Toyota Prius Plug-In Hybrid prototype in London, U.K.

Toyota Prius Plug-In Hybrid prototype in London, U.K.

One of Great Britain's major political parties says it wants to see diesel-powered and non-hybrid gasoline-powered passenger cars banned from British roads by 2040.

The Liberal Democrats, part of the U.K.'s current coalition government, said it would even be willing to accelerate the timing of the ban, if the availability and affordability of fuel-sipping hybrids and battery-powered electrics matched those of regular gas and diesel cars.

The proposal, which excludes vehicles used for freight purposes, was published in a paper submitted by the political party titled Green Growth And Green Jobs -Transition To A Zero Carbon Britain. It will be voted on by party members at an upcoming conference and could end up as official party policy if approved, The Telegraph reports.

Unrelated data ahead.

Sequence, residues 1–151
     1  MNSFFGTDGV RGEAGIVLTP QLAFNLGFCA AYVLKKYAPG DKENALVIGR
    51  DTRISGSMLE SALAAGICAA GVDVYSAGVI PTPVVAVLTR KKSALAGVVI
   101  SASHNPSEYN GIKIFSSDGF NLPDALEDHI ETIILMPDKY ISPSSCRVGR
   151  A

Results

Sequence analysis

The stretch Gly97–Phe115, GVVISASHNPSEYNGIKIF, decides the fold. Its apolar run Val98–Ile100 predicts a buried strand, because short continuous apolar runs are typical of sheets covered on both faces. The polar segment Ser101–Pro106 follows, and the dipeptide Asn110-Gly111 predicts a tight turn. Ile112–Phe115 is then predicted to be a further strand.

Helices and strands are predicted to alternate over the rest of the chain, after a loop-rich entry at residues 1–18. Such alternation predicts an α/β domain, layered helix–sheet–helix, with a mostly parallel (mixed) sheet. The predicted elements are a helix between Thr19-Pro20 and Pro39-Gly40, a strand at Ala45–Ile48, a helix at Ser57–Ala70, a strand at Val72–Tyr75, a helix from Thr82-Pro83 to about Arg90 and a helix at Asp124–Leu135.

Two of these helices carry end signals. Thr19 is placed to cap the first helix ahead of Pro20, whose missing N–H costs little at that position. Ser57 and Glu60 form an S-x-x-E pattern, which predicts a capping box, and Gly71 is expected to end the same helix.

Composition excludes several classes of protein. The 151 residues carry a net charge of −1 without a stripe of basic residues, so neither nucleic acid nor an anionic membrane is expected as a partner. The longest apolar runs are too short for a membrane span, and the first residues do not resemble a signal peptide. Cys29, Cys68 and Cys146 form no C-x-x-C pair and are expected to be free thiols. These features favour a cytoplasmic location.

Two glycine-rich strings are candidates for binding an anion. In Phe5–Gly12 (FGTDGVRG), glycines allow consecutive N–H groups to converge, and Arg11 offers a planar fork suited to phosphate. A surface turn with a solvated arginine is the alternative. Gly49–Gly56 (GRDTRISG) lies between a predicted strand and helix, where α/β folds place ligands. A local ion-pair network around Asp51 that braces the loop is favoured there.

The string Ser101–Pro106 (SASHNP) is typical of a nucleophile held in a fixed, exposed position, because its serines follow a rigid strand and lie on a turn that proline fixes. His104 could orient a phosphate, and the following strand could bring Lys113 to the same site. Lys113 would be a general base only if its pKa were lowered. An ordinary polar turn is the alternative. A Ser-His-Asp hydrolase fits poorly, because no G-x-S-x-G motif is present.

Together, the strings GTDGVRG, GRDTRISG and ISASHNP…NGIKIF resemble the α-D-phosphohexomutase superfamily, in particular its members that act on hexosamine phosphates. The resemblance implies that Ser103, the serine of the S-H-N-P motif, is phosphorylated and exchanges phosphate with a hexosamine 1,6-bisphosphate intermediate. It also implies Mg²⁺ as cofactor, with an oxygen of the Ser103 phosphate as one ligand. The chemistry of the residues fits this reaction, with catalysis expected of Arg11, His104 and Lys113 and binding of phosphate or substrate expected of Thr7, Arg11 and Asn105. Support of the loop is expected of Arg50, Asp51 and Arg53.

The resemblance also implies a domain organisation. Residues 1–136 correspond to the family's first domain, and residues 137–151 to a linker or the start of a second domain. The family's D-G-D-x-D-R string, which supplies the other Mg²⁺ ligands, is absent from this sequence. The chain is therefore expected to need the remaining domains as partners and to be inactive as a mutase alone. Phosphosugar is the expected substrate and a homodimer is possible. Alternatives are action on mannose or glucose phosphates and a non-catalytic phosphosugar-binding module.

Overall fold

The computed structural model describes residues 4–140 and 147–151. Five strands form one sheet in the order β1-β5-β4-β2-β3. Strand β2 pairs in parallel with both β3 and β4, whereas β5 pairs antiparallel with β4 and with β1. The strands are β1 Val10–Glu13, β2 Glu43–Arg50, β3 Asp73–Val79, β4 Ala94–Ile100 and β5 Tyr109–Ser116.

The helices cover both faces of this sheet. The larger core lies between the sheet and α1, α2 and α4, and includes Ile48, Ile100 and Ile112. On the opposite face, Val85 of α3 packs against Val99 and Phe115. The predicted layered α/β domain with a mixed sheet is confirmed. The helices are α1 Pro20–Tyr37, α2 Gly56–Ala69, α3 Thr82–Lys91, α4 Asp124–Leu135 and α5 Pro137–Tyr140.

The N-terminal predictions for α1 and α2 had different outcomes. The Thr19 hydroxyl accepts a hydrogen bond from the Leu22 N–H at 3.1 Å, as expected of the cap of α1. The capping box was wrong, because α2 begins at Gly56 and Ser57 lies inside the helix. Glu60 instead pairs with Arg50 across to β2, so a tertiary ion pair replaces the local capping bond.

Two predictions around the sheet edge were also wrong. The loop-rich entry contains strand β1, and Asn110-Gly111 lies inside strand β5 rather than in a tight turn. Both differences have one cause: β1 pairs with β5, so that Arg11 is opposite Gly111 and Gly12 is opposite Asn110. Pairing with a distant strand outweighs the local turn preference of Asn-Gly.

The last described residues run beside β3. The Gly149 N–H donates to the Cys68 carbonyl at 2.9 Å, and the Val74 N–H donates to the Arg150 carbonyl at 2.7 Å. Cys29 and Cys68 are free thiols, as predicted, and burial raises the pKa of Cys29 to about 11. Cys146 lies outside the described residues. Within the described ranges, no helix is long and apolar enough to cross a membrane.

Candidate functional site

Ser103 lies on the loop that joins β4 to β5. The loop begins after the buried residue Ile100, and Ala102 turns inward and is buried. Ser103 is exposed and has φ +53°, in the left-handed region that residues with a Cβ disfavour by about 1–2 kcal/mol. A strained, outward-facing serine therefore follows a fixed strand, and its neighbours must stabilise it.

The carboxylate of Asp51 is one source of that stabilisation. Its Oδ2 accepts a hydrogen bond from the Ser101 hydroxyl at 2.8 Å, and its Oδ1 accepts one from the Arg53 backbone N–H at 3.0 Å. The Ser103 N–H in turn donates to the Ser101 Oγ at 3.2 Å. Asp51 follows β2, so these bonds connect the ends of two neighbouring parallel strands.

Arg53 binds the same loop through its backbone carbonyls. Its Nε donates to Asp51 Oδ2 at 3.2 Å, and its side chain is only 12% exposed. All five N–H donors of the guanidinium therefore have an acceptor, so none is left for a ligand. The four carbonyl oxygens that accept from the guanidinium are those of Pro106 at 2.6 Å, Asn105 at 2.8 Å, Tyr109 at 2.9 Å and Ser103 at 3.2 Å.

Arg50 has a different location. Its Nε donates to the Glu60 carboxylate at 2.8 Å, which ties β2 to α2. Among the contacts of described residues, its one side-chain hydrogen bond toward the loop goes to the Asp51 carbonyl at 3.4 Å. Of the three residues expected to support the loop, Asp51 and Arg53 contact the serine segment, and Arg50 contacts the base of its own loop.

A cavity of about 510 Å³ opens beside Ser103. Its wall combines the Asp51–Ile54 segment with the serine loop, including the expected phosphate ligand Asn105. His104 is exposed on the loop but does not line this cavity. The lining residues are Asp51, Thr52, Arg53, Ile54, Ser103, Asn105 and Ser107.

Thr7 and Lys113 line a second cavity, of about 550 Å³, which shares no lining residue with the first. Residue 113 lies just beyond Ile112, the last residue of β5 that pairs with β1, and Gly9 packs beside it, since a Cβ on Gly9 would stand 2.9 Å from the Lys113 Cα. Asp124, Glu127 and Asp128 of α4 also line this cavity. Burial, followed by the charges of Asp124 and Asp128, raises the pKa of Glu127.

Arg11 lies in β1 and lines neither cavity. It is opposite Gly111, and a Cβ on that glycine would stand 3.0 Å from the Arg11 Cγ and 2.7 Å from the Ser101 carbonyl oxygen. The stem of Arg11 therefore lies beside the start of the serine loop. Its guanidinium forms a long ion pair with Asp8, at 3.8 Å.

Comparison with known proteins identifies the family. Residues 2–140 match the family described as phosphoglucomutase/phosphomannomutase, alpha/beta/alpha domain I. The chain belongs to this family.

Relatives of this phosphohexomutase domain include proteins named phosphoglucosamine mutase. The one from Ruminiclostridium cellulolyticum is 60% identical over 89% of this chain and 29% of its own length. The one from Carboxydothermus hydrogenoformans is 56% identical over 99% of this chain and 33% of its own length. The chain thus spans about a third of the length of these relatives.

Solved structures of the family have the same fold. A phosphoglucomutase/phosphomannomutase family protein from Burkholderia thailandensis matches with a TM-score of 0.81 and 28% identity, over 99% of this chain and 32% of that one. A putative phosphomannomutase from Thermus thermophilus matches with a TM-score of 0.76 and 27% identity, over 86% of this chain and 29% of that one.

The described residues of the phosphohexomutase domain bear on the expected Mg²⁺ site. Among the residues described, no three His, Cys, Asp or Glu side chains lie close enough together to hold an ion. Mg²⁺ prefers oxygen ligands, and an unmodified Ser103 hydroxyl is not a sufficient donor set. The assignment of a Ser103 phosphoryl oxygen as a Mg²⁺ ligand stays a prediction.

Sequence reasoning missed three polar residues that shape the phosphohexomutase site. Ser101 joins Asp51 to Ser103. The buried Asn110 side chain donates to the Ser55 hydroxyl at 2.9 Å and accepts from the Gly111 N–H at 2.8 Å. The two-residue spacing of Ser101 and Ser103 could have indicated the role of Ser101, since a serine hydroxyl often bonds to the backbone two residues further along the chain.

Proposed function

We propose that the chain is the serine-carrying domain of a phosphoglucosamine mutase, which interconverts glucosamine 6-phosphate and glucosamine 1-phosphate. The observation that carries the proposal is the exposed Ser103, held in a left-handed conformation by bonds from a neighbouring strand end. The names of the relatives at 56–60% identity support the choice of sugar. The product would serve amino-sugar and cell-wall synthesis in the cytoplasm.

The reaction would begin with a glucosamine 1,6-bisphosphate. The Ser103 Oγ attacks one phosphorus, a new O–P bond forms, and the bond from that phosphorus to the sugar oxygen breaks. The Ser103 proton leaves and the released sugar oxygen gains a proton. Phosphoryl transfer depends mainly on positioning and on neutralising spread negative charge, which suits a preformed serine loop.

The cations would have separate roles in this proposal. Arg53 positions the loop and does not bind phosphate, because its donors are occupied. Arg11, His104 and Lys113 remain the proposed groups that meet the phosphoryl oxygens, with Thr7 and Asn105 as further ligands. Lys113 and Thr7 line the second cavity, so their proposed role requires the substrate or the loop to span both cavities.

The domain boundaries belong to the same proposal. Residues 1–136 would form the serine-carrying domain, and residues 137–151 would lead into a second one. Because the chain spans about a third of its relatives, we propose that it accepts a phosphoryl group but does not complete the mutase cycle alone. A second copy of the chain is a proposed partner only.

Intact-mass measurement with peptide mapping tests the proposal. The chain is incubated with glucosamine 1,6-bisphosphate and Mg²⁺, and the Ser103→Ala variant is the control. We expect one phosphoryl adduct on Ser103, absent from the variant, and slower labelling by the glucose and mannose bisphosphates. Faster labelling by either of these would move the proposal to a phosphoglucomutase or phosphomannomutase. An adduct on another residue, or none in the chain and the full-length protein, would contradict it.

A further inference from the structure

Understandably, there has been a lot of backlash to the proposal in the U.K., especially because it makes no provisions for owners of classic cars and there is no mention of solutions for charging infrastructure and other requirements for electrified cars.

“To set an arbitrary deadline like this is completely unrealistic,” one opposing politician said.

The party also proposed a new road-pricing system for congested areas. This would replace the current flat road tax system, with vehicle owners paying a fee calculated on how many miles they drive, whether those miles are driven during peak or off-peak hours, and which road types are used--as well as their car’s CO2 rating.


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